In the era of personalized medicine, it is desirable to have noninvasive or minimally invasive methods to determine and follow longitudinally the molecular composition and characterization of a patient’s tumor, which will help gain a broader understanding of the disease. One such approach is through liquid biopsy that can be used to molecularly characterize the tumor and monitor genetic changes over time using repeat sampling of biofluids. Liquid biopsy generally refers to detecting circulating tumor cells (CTC), circulating tumor DNA (ctDNA), circulating exosomes and other analytes in body fluids, such as serum, plasma, urine, etc.
The NCI’s Division of Cancer Prevention has developed and sponsored an Academic/Industrial Partnership program designed to advance and validate Liquid Biopsy technologies specifically targeted for early stage cancer detection. Liquid biopsy uses body fluids such as blood, urine, saliva, stool, and sputum from patients suspected to have early stage cancer as well as those at high risk of developing cancer. The Precompetitive Collaboration on Liquid Biopsy for Early Cancer Assessment Consortium is also working on methods to distinguish cancer from benign disease; or aggressive from indolent cancers. Projects from six funded sites focus on the development of new tools/methods/assays and/or validations of existing technologies/methods involving the capture of DNA, RNA, or exosomes in circulating body fluids.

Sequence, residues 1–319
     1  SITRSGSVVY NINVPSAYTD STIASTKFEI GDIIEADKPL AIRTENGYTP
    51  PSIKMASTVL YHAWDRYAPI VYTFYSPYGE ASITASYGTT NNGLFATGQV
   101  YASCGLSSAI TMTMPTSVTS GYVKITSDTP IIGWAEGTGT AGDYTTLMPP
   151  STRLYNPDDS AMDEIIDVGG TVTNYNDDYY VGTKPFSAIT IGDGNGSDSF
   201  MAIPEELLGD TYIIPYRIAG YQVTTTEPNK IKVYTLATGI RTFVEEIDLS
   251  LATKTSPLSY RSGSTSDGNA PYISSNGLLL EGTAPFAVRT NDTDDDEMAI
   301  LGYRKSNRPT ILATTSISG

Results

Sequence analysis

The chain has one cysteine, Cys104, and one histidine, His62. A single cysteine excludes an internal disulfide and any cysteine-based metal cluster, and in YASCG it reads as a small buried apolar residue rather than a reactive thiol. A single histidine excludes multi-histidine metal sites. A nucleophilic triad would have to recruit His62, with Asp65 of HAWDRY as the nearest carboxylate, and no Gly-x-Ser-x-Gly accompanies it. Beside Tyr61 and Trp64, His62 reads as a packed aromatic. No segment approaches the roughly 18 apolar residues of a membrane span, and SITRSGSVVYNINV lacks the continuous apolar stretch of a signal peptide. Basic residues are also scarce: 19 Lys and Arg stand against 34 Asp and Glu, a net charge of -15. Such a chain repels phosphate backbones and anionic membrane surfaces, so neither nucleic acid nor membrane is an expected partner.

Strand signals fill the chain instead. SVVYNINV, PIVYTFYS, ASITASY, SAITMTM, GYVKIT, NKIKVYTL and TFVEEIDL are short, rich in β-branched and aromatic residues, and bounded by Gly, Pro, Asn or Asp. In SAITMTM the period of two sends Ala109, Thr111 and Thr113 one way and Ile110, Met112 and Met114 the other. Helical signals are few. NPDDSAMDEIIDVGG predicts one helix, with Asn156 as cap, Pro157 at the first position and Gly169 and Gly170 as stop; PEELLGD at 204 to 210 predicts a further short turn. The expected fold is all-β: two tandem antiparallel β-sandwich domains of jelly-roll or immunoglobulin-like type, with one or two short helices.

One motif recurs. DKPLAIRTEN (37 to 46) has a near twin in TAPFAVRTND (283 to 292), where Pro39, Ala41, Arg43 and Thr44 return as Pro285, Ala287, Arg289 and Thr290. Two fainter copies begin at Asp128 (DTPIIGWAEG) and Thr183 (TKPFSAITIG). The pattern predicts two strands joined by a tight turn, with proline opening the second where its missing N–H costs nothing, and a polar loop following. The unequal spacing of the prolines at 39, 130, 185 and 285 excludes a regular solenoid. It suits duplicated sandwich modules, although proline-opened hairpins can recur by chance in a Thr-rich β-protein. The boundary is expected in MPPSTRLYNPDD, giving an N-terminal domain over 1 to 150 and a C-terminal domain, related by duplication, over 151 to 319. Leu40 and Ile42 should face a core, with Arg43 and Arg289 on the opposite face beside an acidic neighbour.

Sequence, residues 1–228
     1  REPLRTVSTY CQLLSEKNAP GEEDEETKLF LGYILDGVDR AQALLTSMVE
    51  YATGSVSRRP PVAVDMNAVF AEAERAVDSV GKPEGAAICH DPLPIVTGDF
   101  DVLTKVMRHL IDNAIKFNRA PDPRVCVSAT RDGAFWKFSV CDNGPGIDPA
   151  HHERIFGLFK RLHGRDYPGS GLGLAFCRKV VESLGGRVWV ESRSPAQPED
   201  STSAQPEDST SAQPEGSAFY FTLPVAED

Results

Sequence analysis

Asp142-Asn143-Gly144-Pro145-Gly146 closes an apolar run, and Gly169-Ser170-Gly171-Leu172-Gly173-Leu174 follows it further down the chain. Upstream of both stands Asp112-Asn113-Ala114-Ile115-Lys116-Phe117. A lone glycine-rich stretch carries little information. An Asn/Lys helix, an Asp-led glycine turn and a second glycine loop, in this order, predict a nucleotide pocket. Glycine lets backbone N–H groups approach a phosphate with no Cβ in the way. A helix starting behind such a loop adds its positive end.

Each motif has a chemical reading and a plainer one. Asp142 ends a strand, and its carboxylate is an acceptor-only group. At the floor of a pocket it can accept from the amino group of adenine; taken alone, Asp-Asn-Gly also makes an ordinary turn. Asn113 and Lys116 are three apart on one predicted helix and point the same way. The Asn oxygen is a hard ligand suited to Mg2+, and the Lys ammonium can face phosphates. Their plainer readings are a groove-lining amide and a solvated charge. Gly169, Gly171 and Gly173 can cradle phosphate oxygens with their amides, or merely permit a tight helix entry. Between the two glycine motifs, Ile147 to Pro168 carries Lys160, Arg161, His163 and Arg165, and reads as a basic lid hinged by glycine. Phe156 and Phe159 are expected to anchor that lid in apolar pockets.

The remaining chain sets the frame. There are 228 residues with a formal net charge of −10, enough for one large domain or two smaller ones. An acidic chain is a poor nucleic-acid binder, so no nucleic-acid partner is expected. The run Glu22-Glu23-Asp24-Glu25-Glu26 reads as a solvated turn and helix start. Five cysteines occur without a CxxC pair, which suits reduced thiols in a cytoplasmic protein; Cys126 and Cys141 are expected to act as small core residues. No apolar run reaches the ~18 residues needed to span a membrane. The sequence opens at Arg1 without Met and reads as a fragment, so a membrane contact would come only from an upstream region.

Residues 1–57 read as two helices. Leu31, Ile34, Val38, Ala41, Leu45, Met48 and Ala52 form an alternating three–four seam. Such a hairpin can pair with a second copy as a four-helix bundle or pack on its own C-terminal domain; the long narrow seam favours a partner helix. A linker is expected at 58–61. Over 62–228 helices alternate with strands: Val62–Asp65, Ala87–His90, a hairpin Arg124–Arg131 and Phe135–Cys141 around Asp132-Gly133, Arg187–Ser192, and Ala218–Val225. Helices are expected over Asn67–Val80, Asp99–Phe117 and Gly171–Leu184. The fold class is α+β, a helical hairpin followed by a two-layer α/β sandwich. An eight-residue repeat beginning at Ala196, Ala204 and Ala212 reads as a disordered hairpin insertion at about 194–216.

Grants were awarded to: two laboratory teams from Massachusetts General Hospital, Boston, MA; the University of Miami School of Medicine, Miami, FL; Johns Hopkins University, Baltimore, MD; Yale University, and the University of California Los Angeles.
Liquid biopsies have the potential to help clinicians screen for disease, stratify patients, and follow patients undergoing surveillance. It can also offer an opportunity to detect early lesions in cases where biopsy is difficult, such as brain cancer as it has been shown that tumor DNA can be found in the cerebrospinal fluid.